Studying love

In Awe of Love

The other night an audience member at one of my talks asked me a question I’ve never been asked before; does studying love ruin my own experience of it? Does understanding that at the most basic level love is biological bribery selected for by evolution to ensure we reproduce and cooperate to raise our children, despite the many stresses this may cause, take away the wonder? Does knowing that some of our most creative romantic urges – for example conjuring up affectionate sweet nothings to whisper in our lover’s ear – are controlled to some extent by our genes make it mundane? Does being aware that when a woman nuzzles a potential new lover’s ear she is actually giving him a good old sniff to see whether he is genetically compatible with her, and hopefully healthy, bouncing babies will be result, definitely remove the magic? Does all this, and much more hard science, make it rather everyday?

 

‘The more I study love the more I am in awe of it’

The answer actually is no. The more I study love the more I am in awe of it. Of its immense complexity – how you experience love is, in part, a mixture of your genes, neurobiology, psychology, physiology, environment, culture, religion, politics and history. Of its uniqueness to the individual – how I love and how you love are going to be different. How there actually isn’t and will never be an answer to the question ‘what is love?’ Rather than scaring me I am excited by that. How amazing must it be that however long we study we will never arrive at a formula – love is ultimately unknowable. It will always be a challenging but exhilarating voyage into the unknown. And I like it that way.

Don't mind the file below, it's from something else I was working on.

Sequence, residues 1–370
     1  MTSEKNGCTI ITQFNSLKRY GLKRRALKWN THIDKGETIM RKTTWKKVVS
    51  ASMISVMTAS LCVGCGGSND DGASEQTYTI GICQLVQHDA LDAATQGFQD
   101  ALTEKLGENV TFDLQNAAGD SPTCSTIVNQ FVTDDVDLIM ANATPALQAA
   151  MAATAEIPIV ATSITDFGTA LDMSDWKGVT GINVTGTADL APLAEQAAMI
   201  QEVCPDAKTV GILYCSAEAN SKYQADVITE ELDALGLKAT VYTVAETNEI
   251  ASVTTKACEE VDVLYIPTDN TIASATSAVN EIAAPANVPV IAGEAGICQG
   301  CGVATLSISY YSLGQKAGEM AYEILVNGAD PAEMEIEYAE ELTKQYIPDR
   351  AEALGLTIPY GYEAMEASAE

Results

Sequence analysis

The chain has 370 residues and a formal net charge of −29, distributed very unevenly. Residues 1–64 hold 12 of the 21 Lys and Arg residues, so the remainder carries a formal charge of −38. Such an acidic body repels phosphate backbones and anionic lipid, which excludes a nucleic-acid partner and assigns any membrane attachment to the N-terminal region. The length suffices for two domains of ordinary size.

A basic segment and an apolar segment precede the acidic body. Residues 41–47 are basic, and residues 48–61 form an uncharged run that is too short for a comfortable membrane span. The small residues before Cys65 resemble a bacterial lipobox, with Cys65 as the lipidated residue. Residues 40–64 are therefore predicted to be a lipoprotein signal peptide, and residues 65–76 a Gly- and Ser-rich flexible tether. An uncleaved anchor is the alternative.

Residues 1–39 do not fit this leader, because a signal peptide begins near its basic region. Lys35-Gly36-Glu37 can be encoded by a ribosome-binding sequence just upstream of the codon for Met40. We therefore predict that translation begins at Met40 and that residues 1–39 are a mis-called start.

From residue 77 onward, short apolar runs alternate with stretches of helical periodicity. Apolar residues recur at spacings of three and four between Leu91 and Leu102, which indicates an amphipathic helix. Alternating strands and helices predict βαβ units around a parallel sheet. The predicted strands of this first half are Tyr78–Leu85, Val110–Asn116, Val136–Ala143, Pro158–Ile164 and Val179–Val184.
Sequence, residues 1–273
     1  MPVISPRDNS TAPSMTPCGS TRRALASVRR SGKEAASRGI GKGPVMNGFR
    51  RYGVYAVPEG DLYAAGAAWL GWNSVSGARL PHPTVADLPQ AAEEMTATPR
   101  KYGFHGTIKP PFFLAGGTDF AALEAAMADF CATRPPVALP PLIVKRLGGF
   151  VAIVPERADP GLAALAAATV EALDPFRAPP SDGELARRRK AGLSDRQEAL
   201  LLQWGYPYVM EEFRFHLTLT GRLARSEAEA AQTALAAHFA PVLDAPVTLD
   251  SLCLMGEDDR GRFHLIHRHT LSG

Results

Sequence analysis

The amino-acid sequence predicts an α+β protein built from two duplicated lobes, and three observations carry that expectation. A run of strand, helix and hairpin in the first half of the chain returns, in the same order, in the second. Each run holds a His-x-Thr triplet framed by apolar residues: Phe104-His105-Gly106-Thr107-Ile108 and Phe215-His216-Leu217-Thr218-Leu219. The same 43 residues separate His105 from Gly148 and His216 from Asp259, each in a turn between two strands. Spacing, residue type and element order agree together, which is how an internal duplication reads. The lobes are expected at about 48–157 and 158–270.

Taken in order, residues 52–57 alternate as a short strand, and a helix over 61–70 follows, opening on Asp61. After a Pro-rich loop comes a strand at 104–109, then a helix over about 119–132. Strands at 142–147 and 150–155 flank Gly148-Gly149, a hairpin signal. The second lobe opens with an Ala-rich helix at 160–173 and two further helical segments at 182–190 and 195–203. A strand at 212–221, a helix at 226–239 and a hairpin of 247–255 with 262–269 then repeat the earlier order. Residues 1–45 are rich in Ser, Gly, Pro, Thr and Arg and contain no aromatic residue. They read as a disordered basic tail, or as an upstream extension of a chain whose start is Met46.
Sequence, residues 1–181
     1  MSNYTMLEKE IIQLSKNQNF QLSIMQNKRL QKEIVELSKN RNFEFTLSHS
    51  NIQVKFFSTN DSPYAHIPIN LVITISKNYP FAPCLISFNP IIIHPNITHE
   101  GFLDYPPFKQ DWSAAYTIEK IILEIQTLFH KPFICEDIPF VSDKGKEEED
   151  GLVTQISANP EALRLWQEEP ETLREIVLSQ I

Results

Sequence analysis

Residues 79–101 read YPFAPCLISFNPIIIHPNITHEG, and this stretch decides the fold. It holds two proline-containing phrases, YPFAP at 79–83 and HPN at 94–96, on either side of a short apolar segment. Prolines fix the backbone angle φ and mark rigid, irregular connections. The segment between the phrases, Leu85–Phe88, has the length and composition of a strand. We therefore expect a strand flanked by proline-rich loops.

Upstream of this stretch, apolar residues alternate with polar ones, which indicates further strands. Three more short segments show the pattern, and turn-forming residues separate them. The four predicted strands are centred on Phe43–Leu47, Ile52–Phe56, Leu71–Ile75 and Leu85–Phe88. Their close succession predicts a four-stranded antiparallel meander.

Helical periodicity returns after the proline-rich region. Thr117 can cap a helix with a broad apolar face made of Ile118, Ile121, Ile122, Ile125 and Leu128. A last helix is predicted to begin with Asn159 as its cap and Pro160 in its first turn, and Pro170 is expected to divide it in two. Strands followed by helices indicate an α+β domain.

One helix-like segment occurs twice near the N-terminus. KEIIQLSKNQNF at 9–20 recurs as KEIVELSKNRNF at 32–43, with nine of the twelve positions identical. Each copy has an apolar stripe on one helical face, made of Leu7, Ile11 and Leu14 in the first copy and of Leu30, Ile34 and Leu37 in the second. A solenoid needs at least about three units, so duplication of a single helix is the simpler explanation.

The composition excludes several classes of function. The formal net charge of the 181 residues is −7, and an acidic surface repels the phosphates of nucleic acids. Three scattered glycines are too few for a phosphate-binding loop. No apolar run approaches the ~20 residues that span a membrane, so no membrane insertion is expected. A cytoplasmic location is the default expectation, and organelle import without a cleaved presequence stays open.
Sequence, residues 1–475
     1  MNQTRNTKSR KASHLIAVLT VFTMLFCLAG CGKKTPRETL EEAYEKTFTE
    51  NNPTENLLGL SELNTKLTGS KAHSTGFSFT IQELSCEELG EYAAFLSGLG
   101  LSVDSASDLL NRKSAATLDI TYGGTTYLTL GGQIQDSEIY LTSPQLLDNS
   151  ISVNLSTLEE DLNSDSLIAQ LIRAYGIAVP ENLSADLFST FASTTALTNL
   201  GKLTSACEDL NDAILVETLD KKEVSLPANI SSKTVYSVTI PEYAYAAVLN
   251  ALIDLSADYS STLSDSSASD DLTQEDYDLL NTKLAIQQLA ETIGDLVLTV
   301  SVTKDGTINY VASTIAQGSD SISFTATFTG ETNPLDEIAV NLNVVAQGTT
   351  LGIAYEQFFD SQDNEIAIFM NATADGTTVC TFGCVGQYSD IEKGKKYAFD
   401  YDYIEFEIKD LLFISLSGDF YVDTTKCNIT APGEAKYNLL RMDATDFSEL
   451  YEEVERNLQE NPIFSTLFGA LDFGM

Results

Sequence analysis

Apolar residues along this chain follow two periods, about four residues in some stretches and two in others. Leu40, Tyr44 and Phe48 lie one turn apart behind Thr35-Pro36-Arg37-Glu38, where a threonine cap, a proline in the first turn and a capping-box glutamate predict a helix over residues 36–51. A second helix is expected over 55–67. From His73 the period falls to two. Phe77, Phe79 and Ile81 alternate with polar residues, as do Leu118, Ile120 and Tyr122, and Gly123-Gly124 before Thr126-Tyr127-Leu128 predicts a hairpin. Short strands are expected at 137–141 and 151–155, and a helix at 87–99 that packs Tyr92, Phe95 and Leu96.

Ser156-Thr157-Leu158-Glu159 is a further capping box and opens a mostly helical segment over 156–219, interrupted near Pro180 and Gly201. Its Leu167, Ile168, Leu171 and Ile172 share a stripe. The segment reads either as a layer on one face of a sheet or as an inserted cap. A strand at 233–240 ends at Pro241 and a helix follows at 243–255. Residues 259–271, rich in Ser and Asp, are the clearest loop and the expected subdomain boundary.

‘Love is fundamental to being human’

But at the same time understanding what we do know confirms to me how fundamental love is to being human. It sits at the centre of our very being, infiltrating every aspect of our lives. And because of this researching it has real purpose. We now know that the quality of your close relationships is the most influential factor in your happiness, life satisfaction and mental and physical health, beating smoking and obesity. So by striving to understand it as much as we can we can help those who struggle with love or find it missing from their lives.

 

‘The monumentality of love is never more apparent than when I have the privilege of watching the moment love develops between two people’

And love comes in many different forms. This is Valentine’s week but human love is experienced in many contexts. For our lovers but also our friends, family, children, pets, even our god. The monumentality of love is never more apparent than when I have the privilege of watching the moment love develops between two people – baby and parent, friends or lovers. It is a transformative moment. 

 

So no studying love does not make it mundane. It makes it fulfilling, exhilarating, wonderous, precious and so vibrant. And it makes me thankful to be lucky enough to have love in my life.

 

Anna lives in Buckinghamshire, England with her husband, 2 daughters, 3 dogs, 2 rabbits and 2 guinea pigs!

 

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